Prelude to the Paleozoic Late Proterozoic Collisions and the Grenville Orogeny

The oldest rocks in New York, exposed in the Adirondack Mountains and the Hudson Highlands, are somewhat more than 1 billion years old. These are crystalline rocks that were metamorphosed or altered from older rocks by enormous heat and pressure (Figure 4.2). Some were originally igneous rocks, formed from the cooling and crystallization of magmas, and others are sedimentary deposits, such as quartz sandstones, limestones, and shales. These were transformed (metamorphosed) by recrystallization and under intense heat and pressure; for example, sandstones were altered to tough metaquart/ites, limestones to marbles, and shales to mica-rich schists. By looking at the types of minerals formed within these rocks by metamor-phism, geologists can be certain that the rocks now exposed in the Adirondacks were once buried up to 25 km within Earth during a great orogenic or mountain-building episode — about a billion years ago. This event, the Grenville Orogeny, apparently resulted when the (present) eastern edge of ancestral North America was overridden by another continent, perhaps the northwestern side ot" present-day South America. This enormous collision helped to weld together a supercontinent known as Protopangea or Rodinia (Figures 4.3 and 4.4). For nearly half a billion years, this supercontinent held together, and the massive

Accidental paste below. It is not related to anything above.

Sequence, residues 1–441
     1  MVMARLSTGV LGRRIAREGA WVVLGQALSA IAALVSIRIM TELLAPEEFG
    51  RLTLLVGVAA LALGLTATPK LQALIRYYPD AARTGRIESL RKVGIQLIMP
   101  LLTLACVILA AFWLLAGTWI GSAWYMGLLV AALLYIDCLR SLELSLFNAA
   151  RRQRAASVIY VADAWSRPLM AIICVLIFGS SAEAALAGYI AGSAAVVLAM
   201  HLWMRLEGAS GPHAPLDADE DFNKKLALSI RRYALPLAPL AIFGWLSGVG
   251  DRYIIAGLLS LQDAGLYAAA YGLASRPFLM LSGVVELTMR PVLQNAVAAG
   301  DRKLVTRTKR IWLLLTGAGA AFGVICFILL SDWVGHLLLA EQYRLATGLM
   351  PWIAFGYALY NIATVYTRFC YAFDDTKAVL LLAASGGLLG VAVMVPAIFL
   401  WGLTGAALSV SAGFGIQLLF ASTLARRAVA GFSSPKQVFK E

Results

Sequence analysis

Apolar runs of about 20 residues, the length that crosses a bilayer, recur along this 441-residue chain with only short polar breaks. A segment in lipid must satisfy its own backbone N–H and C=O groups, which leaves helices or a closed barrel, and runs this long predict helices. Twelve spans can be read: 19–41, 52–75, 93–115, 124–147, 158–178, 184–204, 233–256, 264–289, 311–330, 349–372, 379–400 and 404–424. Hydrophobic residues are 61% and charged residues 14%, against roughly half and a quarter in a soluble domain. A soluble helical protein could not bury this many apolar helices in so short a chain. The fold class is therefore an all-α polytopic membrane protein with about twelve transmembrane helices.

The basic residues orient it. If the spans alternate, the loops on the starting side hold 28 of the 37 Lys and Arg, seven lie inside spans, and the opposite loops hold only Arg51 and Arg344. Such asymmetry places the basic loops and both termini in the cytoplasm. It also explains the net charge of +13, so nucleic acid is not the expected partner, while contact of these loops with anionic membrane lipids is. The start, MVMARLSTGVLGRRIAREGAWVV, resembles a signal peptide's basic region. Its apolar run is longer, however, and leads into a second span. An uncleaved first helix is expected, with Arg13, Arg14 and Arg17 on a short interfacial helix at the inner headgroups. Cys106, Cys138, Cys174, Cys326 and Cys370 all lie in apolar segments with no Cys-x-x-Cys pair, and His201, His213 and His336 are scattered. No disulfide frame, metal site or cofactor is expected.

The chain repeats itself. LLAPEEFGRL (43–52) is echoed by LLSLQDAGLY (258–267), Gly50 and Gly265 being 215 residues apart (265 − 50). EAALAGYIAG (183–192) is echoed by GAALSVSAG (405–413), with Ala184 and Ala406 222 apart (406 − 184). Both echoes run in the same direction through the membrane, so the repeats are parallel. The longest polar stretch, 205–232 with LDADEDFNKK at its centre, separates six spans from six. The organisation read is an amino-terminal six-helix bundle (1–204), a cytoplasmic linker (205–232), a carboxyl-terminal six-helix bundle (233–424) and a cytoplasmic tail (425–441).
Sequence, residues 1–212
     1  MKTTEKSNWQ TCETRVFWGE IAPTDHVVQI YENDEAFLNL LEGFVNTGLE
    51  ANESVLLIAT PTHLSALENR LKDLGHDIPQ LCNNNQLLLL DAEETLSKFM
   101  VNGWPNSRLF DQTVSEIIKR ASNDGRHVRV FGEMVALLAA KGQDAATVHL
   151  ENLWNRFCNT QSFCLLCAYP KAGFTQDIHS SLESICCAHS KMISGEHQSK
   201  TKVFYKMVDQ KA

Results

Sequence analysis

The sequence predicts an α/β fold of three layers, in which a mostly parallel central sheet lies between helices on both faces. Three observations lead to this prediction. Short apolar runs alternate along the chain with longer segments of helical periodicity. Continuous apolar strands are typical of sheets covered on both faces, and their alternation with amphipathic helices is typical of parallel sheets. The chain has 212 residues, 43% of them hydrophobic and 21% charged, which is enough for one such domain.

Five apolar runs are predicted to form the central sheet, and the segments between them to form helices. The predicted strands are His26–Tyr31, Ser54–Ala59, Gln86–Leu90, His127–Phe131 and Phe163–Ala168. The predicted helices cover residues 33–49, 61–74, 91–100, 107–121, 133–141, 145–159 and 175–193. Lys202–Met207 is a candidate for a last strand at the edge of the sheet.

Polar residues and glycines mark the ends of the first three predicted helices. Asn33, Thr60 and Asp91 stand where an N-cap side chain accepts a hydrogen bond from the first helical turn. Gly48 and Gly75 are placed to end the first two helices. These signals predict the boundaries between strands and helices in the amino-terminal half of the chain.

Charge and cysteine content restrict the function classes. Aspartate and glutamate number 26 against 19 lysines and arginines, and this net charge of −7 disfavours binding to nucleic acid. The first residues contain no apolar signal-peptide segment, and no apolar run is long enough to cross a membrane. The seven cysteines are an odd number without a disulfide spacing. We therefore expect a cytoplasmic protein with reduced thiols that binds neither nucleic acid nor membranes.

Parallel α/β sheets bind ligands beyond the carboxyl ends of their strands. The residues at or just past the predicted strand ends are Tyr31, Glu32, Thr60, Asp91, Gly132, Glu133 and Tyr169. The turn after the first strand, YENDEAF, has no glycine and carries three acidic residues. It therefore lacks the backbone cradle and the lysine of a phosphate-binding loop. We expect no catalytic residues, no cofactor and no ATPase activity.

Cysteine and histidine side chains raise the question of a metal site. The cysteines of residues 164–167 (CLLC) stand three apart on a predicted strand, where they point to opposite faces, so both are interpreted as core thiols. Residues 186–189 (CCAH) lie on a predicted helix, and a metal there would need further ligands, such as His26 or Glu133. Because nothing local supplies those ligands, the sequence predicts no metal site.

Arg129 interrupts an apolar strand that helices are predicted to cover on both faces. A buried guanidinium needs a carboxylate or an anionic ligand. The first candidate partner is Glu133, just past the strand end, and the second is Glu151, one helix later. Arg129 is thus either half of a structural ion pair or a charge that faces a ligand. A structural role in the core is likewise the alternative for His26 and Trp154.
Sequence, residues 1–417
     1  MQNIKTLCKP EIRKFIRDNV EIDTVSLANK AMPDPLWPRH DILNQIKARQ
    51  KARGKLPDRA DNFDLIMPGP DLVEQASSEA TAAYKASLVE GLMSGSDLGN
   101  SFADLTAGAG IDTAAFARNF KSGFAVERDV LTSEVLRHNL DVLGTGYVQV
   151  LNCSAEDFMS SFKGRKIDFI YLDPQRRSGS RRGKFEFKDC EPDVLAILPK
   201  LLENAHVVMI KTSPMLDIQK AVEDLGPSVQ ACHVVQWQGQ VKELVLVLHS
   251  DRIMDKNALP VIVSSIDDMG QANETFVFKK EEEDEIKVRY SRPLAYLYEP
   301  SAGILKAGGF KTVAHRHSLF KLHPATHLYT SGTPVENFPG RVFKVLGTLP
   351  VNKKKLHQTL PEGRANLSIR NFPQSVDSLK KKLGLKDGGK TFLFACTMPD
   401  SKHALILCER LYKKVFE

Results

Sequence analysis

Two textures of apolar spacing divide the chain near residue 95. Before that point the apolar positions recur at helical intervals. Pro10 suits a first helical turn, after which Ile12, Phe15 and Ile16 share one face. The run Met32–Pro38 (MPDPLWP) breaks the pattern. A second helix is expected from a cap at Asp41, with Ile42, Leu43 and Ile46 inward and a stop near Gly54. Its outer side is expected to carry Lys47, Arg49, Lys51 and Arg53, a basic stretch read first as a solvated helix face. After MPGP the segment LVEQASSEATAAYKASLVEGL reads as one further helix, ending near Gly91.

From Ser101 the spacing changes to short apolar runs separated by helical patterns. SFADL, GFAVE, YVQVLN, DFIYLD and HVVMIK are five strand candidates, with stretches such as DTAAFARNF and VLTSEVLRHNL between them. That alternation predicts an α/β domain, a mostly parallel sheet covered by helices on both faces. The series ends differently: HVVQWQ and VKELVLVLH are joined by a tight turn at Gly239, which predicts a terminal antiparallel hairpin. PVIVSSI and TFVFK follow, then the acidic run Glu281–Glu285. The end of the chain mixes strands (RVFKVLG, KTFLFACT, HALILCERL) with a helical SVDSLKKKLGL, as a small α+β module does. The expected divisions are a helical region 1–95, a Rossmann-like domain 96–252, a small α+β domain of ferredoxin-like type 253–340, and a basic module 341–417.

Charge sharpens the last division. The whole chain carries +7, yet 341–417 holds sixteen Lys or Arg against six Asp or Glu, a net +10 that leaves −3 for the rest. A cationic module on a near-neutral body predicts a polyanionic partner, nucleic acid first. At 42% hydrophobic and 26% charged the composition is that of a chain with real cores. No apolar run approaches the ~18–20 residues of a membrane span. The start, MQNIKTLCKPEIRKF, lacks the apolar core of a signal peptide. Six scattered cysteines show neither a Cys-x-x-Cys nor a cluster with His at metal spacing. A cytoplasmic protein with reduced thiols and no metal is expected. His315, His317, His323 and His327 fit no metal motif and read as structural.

0 0

Post a comment